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Preprint in English | medRxiv | ID: ppmedrxiv-20160093

ABSTRACT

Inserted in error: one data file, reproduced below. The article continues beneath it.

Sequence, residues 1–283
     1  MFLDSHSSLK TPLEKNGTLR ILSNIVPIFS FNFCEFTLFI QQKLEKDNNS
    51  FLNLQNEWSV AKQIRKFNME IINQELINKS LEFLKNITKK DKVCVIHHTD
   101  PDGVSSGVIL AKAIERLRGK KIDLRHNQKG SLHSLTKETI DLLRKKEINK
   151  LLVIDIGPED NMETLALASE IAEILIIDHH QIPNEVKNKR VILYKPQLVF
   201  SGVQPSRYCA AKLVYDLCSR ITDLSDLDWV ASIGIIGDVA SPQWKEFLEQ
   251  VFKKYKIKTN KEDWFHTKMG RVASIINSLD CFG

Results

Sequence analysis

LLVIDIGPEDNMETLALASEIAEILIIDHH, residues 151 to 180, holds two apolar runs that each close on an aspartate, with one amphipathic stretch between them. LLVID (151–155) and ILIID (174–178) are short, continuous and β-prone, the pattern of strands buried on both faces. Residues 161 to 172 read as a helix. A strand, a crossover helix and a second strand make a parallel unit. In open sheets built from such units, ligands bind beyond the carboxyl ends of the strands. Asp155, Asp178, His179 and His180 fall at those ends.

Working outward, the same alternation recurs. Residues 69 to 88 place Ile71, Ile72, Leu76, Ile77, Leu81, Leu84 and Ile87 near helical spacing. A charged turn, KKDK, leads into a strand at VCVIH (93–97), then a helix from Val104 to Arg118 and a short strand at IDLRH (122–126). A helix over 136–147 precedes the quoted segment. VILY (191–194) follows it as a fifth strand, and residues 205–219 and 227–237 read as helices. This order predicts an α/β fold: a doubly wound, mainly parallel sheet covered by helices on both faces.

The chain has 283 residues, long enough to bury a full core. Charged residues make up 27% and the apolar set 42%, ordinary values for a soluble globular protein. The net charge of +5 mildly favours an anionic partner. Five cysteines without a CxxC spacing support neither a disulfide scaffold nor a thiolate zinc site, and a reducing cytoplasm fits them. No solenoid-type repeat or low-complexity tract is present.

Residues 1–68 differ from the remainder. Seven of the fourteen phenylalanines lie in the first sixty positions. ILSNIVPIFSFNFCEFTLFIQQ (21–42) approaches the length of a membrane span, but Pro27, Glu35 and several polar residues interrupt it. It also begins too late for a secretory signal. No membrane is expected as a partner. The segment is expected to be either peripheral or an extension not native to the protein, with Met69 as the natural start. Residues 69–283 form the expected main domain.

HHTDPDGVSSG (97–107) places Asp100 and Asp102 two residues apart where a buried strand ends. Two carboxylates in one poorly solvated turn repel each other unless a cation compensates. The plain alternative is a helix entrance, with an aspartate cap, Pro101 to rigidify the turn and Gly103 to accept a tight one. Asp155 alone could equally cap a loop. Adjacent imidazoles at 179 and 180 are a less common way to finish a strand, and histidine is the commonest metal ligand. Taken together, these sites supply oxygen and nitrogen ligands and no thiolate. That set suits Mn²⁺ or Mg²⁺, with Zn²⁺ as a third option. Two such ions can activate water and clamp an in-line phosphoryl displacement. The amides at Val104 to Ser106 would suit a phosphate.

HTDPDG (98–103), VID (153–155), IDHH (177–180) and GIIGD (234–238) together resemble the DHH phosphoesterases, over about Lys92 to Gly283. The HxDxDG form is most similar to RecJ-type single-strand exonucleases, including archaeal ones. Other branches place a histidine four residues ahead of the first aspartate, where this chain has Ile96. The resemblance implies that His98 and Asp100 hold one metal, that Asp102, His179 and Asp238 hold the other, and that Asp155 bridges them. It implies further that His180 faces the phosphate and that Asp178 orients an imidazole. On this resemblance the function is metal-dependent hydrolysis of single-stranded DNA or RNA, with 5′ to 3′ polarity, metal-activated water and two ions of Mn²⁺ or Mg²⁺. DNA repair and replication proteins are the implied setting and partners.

Epidemiological simulations as a method are used to better understand and predict the spreading of infectious diseases, for example of COVID-19. This paper presents an approach that combines person-centric data-driven human mobility modelling with a mechanistic infection model and a person-centric disease progression model. Results show that in Berlin (Germany), behavioral changes of the population mostly happened before the government-initiated so-called contact ban came into effect. Also, the model is used to determine differentiated changes to the reinfection rate for different interventions such as reductions in activity participation, the wearing of masks, or contact tracing followed by quarantine-at-home. One important result is that successful contact tracing reduces the reinfection rate by about 30 to 40%, and that if contact tracing becomes overwhelmed then infection rates immediately jump up accordingly, making rather strong lockdown measures necessary to bring the reinfection rate back to below one.

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